I’d always wanted to try hypnosis, so I went there when I was pregnant with my daughter. At the time, I was having terrible, terrible morning sickness, so that was the focus of the session.
It all started with a childhood of family stories and paranormal experiences. I use some of those experiences in Voodoo Butterfly. For instance, when my mom was younger, she heard footsteps in her grandparents’ house. The person was wearing high heels in the middle of the night. They walked to the bottom of the stairs and never retreated or walked up the stairs. The presence just disappeared. So we’re thinking that was the spirit of my great grandmother. That story is used in the chapter about Sophie’s first night at her new apartment in New Orleans.
When I first visited New Orleans over Christmas of 2008, I fell in love with the city. Be prepared for some culture shock, though. I’ve visited 27 countries and I don’t normally experience culture shock, but I did in NOLA. Yes, you’re visiting an American city, but its architecture looks European, some of its partygoers look like they’re from another planet (especially on Bourbon Street), and everyone’s walking around with an alcoholic beverage in their hand. Even during the day. If you feel so compelled, grab a drink and let me show you the fun, paranormal side of the city.
As a busy mom, I have to write things down. That goes for my fiction writing too. I keep notepads everywhere: in my bedside table, my kitchen junk drawer, my desks in the living room and basement, and in my car. Whenever a scene, plot twist, or bit of dialogue comes to mind, I jot it down. This method has eliminated writer's block from my life. (Hallelujah!) I always have something to write because I have a gazillion pieces of paper with ideas on them.
I’m a very spiritual person and was actually going through an existential crisis while I wrote Voodoo Butterfly. Long story short, I was not finding a good life balance between career and home life, so I ended up quitting my job as a college writing instructor to stay home and raise my family. Writing a novel was a huge bucket list item for myself, so I set out to deal with all my emotional chaos through fiction.
When I was eight or nine years old, I would sit at my mom's electric typewriter and write stories about princesses and Oscar the Grouch. The click-clack of the letters felt powerful under my fingertips. Even now when I sit down to write, I know it will feel so good to sit in my chair and tap the keys with my fingers, letting the ideas that swirl around in my head out onto the page.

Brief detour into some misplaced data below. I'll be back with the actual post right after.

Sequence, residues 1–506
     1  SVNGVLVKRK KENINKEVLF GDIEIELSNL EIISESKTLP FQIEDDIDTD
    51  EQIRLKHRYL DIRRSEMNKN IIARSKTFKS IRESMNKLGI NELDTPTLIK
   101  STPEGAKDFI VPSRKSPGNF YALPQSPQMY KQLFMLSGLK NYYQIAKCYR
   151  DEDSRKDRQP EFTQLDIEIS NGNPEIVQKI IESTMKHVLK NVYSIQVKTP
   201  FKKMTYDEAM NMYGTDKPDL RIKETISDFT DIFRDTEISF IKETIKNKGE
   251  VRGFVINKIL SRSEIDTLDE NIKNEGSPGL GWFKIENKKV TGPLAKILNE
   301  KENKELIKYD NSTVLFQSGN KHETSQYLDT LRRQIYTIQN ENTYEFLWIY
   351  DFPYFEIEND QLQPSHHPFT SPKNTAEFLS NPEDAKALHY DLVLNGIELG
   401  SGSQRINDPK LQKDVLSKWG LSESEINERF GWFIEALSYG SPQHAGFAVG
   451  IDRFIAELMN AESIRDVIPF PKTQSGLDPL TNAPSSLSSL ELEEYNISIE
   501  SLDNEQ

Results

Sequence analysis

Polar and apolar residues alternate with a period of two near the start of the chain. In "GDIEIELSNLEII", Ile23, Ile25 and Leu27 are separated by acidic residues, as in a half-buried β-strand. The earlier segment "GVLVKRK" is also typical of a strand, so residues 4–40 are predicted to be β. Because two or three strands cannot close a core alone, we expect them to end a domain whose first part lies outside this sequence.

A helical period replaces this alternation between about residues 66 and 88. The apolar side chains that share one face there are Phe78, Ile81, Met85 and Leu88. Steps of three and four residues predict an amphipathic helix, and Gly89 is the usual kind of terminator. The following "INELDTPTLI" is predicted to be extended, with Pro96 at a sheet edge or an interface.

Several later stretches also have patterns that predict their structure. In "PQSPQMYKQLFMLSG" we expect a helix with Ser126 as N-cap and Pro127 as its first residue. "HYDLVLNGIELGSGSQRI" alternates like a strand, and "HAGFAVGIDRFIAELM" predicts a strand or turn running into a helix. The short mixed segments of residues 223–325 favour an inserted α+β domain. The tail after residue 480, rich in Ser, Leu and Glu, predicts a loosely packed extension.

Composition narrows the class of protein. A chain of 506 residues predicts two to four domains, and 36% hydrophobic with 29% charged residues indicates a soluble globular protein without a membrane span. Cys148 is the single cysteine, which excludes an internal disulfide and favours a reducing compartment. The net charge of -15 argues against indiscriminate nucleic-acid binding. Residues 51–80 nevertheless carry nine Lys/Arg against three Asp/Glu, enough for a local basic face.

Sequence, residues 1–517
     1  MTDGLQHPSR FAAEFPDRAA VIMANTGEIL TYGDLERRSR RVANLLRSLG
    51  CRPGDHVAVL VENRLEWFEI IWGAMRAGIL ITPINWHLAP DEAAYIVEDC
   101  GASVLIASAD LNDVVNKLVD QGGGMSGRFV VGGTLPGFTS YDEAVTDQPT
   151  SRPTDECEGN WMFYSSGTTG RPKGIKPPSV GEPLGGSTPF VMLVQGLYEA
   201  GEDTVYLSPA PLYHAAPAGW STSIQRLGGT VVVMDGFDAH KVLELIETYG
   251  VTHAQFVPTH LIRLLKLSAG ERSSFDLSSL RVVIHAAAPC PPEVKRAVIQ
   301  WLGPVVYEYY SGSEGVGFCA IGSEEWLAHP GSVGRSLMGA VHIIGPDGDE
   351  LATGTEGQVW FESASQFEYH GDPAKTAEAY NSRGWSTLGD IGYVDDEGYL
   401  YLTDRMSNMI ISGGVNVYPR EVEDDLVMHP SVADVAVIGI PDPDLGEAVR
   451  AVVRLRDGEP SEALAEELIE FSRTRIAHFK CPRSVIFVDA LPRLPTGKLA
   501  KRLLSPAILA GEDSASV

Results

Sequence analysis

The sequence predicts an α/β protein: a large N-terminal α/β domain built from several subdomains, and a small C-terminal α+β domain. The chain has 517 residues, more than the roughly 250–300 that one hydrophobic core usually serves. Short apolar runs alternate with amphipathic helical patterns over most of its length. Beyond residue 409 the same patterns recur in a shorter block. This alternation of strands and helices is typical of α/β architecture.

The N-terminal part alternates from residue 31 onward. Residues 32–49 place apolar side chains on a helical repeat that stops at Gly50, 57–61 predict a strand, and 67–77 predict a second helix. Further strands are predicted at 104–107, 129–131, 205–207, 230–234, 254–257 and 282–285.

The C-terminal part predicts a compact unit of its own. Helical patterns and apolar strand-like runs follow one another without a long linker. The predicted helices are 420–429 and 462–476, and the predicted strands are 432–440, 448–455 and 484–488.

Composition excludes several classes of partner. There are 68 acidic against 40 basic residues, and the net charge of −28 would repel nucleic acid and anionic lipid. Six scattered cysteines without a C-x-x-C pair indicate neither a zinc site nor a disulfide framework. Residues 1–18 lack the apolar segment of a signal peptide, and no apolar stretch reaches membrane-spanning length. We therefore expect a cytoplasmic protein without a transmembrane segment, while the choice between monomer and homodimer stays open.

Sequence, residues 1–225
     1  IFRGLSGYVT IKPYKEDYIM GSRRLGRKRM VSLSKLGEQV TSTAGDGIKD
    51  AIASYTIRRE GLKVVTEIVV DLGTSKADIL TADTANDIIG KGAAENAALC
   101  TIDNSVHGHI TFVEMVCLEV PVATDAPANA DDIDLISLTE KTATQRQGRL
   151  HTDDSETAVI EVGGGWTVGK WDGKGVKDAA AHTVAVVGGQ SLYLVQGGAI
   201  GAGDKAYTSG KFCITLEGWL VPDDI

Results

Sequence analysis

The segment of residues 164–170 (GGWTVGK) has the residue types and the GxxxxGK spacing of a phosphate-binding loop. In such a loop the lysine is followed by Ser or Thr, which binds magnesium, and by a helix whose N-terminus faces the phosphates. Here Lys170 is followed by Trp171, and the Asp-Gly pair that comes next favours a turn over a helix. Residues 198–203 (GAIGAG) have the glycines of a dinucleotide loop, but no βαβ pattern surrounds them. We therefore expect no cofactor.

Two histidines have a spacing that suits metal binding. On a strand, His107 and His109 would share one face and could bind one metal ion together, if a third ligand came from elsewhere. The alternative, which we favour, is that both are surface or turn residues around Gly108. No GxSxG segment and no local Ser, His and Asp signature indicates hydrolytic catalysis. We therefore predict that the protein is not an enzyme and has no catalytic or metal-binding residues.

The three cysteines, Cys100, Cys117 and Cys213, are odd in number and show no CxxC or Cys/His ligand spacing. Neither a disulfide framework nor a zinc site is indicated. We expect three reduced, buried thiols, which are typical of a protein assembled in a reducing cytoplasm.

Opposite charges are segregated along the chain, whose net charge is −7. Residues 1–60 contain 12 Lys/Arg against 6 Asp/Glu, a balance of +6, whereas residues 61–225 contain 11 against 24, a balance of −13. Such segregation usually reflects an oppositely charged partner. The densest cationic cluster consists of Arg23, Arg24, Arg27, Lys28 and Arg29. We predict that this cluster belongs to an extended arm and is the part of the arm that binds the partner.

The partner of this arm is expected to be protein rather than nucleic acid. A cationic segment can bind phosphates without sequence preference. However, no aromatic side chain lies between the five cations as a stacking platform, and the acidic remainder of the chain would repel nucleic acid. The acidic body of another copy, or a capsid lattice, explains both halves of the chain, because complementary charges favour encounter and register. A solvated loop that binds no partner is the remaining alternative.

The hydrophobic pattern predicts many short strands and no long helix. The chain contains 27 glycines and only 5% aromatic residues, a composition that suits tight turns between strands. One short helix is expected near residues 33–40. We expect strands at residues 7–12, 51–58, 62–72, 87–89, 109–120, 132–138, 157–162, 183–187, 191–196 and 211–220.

While writing my novel, Voodoo Butterfly, I visited New Orleans in the name of research. During the trip I had hoped to get a psychic reading, but avoided the fortune-tellers in Jackson Square because they can be overbearing and charge way too much. So I kept my eyes open for one that intuitively felt right. On the morning of our departure, I went to Reverend Zombie’s Voodoo Shop to find some ingredients to inspire spells in my Voodoo Butterfly series. While I was checking out, the clerk informed me that there was a woman giving readings in the back room. Bam! My intuition said, “Let’s do it!”
Since I’ve made the move to being a professional writer, I’ve lived in two houses. Each one had a basement office area where I worked if I needed to get away from the hustle and bustle of family life with young kiddos. For the most part, though, I like to work amidst people so I’ve also set up shop on the dining room table or put a desk in my family’s living area. If I need to get out, I go to the local library or to a coffee shop where I can eavesdrop on others’ conversations to get material for my writing or just fade away into the background of the busyness. For me, I need flexibility in my writing space, but these are the things that I have consciously created in my home work space.